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Bob Scott reporting in his weekly Insights column.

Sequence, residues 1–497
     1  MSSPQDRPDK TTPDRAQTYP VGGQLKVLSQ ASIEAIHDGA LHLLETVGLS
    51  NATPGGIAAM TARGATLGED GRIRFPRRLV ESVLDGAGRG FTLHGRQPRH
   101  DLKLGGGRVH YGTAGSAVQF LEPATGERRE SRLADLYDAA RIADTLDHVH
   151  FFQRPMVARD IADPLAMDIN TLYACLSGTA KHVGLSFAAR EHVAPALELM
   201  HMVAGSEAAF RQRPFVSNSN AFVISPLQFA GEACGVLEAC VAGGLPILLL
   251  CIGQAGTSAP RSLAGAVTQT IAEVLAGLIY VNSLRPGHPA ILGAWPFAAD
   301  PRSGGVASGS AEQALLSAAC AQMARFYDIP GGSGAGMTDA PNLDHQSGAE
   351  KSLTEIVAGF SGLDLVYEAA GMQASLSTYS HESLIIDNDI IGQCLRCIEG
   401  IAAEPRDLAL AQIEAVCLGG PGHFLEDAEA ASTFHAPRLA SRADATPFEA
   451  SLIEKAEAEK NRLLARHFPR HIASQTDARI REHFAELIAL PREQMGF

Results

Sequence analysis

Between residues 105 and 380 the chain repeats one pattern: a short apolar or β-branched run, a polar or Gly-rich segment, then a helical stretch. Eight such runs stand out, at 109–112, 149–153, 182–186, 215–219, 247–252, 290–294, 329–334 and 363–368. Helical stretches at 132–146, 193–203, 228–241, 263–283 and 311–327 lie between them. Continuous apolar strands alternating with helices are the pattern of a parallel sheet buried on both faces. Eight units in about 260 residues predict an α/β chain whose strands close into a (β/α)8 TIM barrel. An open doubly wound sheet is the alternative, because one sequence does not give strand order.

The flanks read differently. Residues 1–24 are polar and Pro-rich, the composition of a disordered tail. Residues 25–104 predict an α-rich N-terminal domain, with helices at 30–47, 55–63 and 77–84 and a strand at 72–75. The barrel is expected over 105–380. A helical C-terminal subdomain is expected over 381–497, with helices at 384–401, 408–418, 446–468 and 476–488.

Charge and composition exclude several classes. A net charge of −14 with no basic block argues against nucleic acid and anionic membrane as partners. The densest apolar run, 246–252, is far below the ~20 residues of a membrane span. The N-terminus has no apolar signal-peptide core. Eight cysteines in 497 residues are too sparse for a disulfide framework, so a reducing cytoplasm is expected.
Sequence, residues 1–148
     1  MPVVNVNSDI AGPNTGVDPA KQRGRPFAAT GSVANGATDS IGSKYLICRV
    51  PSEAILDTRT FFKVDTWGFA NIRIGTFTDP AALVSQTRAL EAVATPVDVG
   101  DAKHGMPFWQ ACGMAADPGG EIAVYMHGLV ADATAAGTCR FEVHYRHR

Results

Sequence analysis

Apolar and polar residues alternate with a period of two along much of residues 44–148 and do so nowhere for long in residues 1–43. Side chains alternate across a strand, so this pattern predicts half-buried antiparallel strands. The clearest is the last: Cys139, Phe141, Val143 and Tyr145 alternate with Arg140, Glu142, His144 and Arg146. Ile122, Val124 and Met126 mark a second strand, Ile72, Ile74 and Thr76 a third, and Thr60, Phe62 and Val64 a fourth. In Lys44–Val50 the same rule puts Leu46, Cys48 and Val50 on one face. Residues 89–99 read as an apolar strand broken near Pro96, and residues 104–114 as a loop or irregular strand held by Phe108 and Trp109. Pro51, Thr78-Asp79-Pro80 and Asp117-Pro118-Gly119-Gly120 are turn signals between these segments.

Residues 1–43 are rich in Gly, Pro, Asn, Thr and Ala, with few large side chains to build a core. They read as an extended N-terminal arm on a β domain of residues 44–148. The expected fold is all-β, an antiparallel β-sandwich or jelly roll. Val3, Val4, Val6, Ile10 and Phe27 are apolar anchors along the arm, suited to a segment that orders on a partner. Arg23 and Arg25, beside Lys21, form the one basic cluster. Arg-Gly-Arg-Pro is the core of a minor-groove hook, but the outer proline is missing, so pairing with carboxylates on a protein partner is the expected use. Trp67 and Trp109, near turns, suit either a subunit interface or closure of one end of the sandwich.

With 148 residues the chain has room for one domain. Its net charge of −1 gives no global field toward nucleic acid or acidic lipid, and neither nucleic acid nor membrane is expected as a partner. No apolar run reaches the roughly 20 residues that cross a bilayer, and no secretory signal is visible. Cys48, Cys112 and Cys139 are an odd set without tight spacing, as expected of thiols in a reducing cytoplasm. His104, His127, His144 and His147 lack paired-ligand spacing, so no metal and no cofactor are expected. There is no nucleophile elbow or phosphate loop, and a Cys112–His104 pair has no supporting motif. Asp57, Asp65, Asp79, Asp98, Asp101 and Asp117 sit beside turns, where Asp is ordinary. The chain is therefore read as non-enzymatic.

A number of trends suggest major problems for the future of Microsoft’s long-running Convergence user conference. The fact 4,200 users attendance this week’s Summit for Dynamics user groups in Reno, Nev., suggests users are voting with their feet after years of complaining about the decline in the value of Convergence sessions. That is up from 3,500 last year. Another is the potential ISV exhibitor revolt after last year Microsoft did a banner job in recruiting vendors for the show.  Then before Convergence was held, it  blind-sided them, declaring it would change the nature of the conference dramatically by no longer centering it around Dynamics products. Right now, reports are sweeping around the ISV community that Microsoft won’t make as radical a change as first thought. And exhibitors are loathe to not attend major shows for fears it will reflect on their companies. But major cutbacks in booth space seem likely from many ISVs. The Summit for the user groups, AXUG,  CRMUG, GPUG, NAVUG also shows that users want content about the software used to run their businesses, not the wall-to-wall sales pitches that Convergence often seems to become. Besides, Convergence has probably gotten too big—Microsoft, which is a gold sponsor of Summit and other growing Dynamics shows would be better establishing Convergence as a show for big companies using big systems and letting the rest of the market do the rest.